But expect to see Vigneault pencil Shattenkirk and possibly DeAngelo in on his power play units in hopes that the pair will help a squad that finished 15th out of 16 playoff teams last season with an atrocious 7.7% postseason power-play percentage.
Other potential defense candidates include 23-year-old Russian prospect Alexei Bereglazov, who at 6’3” and 205 lbs., spent the last four seasons with Metallurg Magnitogorsk of the KHL, and college free agent Neal Pionk, who scored 34 points in 42 games for the University of Minnesota-Duluth in 2016-17. Though both prospects are promising, it’s tough to gauge how the pair would adjust to the NHL game should they make the team.
Desharnais and Pavelec: Gap Stoppers
In goal, the Rangers replaced Raanta with Pavelec, which could be a disaster. In 29 games last season, Raanta won 16 and posted a 2.27 goals-against average (GAA) and a .922 save percentage (SV%), all while being leaned on during Henrik Lundqvist’s rough patches. Following his departure, Gorton signed Pavelec, who played more games with the AHL’s Chicago Wolves (18) than he did with the Winnipeg Jets (8) last season. With the Jets, Pavelec posted a woeful 3.55 GAA and .888 SV%.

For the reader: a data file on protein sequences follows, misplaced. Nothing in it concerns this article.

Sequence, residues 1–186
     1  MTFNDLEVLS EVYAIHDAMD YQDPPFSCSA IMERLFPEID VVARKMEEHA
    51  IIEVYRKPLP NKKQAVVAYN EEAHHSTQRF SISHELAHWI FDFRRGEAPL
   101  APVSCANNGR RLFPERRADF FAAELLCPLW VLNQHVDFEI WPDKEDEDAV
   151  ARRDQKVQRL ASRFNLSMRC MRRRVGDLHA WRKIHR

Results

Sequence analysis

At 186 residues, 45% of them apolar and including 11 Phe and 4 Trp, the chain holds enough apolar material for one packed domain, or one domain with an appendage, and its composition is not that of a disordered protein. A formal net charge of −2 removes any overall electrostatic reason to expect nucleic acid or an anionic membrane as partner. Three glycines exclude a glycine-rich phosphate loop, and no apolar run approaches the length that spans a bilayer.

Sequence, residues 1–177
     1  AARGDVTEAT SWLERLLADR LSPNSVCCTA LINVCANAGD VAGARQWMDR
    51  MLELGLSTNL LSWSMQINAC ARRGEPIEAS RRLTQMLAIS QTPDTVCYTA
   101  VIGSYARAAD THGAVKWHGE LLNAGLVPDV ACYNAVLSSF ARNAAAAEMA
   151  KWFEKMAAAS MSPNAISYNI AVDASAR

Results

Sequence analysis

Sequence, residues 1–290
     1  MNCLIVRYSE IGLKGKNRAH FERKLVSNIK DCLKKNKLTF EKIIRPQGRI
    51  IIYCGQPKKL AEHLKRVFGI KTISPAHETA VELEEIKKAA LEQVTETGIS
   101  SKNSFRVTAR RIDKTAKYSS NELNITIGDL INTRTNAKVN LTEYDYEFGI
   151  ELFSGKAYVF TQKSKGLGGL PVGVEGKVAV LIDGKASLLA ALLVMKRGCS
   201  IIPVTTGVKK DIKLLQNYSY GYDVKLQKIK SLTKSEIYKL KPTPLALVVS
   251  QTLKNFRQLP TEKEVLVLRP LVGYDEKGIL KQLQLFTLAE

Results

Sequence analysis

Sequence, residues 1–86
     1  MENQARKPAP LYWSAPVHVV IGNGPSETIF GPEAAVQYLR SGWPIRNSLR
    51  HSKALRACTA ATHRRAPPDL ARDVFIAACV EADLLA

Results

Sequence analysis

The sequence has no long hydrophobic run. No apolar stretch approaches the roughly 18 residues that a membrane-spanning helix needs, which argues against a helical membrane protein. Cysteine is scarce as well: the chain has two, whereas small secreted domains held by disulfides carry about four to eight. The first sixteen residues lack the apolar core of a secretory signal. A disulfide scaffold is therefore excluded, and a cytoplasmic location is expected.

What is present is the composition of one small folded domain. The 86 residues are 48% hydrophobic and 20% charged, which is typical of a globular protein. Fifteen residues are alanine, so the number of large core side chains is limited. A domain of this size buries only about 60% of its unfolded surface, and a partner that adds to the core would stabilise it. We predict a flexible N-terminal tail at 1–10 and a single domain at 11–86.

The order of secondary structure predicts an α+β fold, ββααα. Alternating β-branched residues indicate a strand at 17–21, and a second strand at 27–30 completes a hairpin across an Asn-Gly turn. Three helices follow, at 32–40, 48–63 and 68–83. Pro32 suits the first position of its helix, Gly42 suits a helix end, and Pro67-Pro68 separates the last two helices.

It’s hard to argue that the numbers aren’t worrying, but let’s see what Rangers goaltending coach Benoit Allaire can do with Pavelec. After all, he’s helped Lundqvist develop into a future hall-of-famer and turned Raanta, Cam Talbot and Chad Johnson into quality NHL keepers.
Up front, the Rangers retained all notable wingers but had two holes to fill up the middle. Replacing Lindberg on the fourth line will likely be Desharnais, who potted 60 points in 81 games for the Montreal Canadiens in 2011-12 but was held to just 14 in 49 games for Montreal and Edmonton last year.
Though Lindberg recorded more points (20) last season, Desharnais’ CF% was higher (49.65%-47.61). The questions regarding Desharnais come in the form of whether or not the centerman can take advantage of fourth-line match-ups and if he could help plug holes on the penalty kill.
Who’s Centering the Second Line?
But the most glaring hole on the Rangers roster is one in the top-six. Stepan has been moved and, as of August 4, has not been replaced. It’s unclear what Gorton’s plan is, but with roughly $3 million in cap space a move conceivably could be made, though it would be difficult. An opening-night roster with $3 million in cap space would feature 12 forwards–one of which could be Matt Puempel–and seven defensemen, meaning if the Rangers wanted to carry additional players–or different players, for example Bereglazov or Andersson–that space would disappear quickly.